WHAT DOES YOUR HEART TELL YOU?


We don’t usually feel our normal heartbeat as it doesn’t intrude into our consciousness, although we may occasionally become aware of it, which is normal. But if you keep feeling your heart beating, it could be a sign that there’s something wrong.

THE phrase “heart skipped a beat” is often used to describe excitement, fear, anxiety or any other strong emotion.

In real life, the heart skipping a beat or two can occur, and it could be a warning that we need to take heed of.

According to Cardiac Vascular Sentral Kuala Lumpur (CVSKL consultant cardiologist Dr Zulkeflee Muhammad, we don’t usually feel our “normal” heartbeat. It is regular, constant and doesn’t intrude into our consciousness.

However, it can change depending on what we are doing.

When we exercise, the heart can go up to 180 beats a minute. When we are resting, it can beat at a leisurely pace of 60-plus a minute, and we are oblivious to it.

Occasionally, we do feel our heartbeat, but not on a regular basis. If we do keep feeling our heart beating, it could be a sign that there’s something wrong.

Electrophysiology

Electrophysiology is the study of the electrical systems of the heart. So, a consultant electrophysiologist is a cardiologist who specialises in diagnosing and treating issues with the heart’s electrical system.

“Imagine the heart as an engine. It has its own electrical system, mechanical components (heart muscle), plus other components. All have different properties and functions.

“In a nutshell, the heart contracts at the prompting of its electrical system.

“When this electrical system is compromised, problems arise,” explains Dr Zulkeflee.

An electrophysiologist can carry out an electrophysiology (EP) study to diagnose electrical anomalies in the heart.

This study can look at the electrical properties of the heart, stimulate the heart to trigger any abnormal electrical circuit, as well as be treat those with abnormal electrical rhythms.

“The EP study evaluates the electrical condition of the heart, diagnoses the problem, and guides treatment according to the abnormality,” he adds.

Arrhythmia

‘Imagine the heart as an engine. It has its own electrical system. The heart contracts at the prompting of its electrical system. When this electrical system is compromised, problems arise,’ says Dr Zulkeflee.‘Imagine the heart as an engine. It has its own electrical system. The heart contracts at the prompting of its electrical system. When this electrical system is compromised, problems arise,’ says Dr Zulkeflee.

Heart rhythm problems are called arrhythmias. We often describe them as palpitations.

It can mean anything from a fast heart rate (tachycardia) to a slow heart rate (bradycardia) and an irregular heartbeat or extra heartbeats.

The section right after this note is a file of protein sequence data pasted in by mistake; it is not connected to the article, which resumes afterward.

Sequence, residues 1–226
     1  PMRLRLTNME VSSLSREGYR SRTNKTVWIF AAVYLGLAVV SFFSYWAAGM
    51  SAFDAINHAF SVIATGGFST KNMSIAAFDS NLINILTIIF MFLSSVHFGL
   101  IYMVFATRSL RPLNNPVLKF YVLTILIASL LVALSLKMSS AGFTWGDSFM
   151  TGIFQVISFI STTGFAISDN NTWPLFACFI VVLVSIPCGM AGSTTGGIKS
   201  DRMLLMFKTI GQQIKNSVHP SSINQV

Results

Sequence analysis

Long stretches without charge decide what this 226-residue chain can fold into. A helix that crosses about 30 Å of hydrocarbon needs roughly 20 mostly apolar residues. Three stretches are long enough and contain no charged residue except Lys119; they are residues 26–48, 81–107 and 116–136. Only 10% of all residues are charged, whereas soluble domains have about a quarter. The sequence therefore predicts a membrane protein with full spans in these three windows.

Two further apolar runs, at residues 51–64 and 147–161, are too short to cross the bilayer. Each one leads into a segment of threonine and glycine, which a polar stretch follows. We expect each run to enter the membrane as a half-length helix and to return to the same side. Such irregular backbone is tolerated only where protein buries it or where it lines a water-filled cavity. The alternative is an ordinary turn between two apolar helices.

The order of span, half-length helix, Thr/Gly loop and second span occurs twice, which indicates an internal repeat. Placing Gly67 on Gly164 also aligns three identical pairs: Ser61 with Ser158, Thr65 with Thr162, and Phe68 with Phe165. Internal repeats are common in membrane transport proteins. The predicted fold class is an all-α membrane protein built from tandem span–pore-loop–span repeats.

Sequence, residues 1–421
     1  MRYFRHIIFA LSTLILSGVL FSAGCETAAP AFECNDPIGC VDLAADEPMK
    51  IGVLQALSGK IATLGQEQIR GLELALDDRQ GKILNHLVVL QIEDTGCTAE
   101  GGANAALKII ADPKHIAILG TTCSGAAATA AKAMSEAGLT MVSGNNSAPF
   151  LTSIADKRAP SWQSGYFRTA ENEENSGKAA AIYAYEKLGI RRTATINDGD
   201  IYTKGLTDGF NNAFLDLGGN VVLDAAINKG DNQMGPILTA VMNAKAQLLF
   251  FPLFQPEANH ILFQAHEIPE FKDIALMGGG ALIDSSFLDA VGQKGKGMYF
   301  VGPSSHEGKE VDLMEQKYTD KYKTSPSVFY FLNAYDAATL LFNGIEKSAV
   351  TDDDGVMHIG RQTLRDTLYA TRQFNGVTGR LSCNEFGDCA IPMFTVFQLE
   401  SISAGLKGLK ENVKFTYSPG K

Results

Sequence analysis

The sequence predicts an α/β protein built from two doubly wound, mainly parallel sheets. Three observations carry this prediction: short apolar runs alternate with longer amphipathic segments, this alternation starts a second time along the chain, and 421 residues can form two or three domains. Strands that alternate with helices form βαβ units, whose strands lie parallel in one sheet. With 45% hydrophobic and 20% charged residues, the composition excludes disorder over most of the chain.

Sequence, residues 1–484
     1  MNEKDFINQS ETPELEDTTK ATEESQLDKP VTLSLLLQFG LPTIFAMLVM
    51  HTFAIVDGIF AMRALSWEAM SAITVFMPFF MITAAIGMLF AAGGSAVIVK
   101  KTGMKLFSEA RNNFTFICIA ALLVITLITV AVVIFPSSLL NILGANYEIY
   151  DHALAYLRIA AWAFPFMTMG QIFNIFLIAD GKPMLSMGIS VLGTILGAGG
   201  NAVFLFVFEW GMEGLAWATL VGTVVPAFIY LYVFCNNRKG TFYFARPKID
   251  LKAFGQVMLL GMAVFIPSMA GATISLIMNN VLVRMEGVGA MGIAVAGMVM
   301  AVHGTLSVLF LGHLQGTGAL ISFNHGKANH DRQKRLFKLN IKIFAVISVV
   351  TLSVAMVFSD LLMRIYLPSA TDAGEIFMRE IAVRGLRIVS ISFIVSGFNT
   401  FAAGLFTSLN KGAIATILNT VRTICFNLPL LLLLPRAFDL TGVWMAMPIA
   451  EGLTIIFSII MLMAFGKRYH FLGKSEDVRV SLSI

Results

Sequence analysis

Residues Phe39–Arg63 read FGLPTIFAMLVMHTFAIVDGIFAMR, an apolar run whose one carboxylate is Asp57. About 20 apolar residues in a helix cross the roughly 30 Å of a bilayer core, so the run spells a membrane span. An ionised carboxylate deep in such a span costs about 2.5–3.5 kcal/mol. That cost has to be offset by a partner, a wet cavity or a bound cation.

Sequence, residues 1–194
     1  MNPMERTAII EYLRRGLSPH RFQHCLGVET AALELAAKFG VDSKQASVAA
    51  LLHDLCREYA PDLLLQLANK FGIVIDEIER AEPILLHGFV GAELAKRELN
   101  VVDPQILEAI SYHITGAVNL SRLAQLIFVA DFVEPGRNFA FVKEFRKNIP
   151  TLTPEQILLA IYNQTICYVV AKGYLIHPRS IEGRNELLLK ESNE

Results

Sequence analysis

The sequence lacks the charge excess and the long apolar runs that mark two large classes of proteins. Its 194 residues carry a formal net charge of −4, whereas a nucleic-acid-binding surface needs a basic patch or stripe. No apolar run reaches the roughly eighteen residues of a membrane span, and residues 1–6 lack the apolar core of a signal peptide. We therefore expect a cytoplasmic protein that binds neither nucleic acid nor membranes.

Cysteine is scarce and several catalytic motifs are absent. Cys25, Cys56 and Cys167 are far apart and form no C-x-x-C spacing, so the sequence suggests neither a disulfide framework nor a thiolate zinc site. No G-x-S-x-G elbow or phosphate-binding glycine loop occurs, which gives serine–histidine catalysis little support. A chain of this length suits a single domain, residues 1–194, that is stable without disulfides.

It can affect all age groups, but some types are more common in the elderly.

Common triggers include viral illnesses, alcohol, medications, illegal drugs, and even exercise.

Some types occur in people with coronary heart disease, and these can lead to sudden death.

Others can accompany illness such as hypertension, thyroid problems, and even after severe Covid-19.

Some people might not feel the abnormal rhythm at all and only find out about it after a stroke due to the abnormality.

Others may not experience symptoms involving abnormal heartbeats.

Some may feel as if there’s something “stuck” in the chest which is relieved by taking a deep sigh.

“This could be a sign of extra heartbeats,” says Dr Zulkeflee.

When to see a doctor

According to him, those who feel palpitations should seek clarification.

“It doesn’t have to be an electrophysiologist. It could be a simple assessment by a cardiologist to differentiate whether it could be life-threatening or a simple extra beat (benign).”

However, the EP study should be carried out urgently if the palpitations are followed by fainting episodes, dizziness, breathlessness or chest pains.

“We need to increase awareness of arrhythmias and electrophysiology, not only amongst the public, but also among doctors,” says Dr Zulkeflee.

Treatment

But it has to be said that an electrophysiologist will have a wider range of options to investigate and pick up what’s happening.

Advances in technology means that the diagnostic and treatment arsenal available to an electrophysiologist is becoming ever more sophisticated.

“The EP procedure is minimally invasive. We thread a small catheter through the blood vessel in the groin to the heart.

A catheter is placed inside the right ventricle of the heart for an EP study and radiofrequency ablation.A catheter is placed inside the right ventricle of the heart for an EP study and radiofrequency ablation.

“There’s no pain, though you might feel discomfort as if there’s something moving around in the chest, or you could feel the heart beating faster.

“But there’s sedation to make the whole experience more comfortable for the patient.

“There are risks, but these are minimal, less than undergoing an angiogram. There could be bleeding, infection or perforation,” says Dr Zulkeflee.

In terms of treatment, there’s a wide variety available to the electrophysiologist. Besides medications, treatment includes ablation therapies such as radiofrequency therapy, cryoablation, pulsed field ablation, and devices such as pacemakers and implantable cardioverter defibrillators.

Dr Zulkeflee has this advice for everyone: “If you have an issue with heart rhythm, best to see an electrophysiologist.

“If you are not able to, please at least see a cardiologist.”

KKLIU 2270 (expiry Dec 31, 2025)

Follow us on our official WhatsApp channel for breaking news alerts and key updates!
   

Others Also Read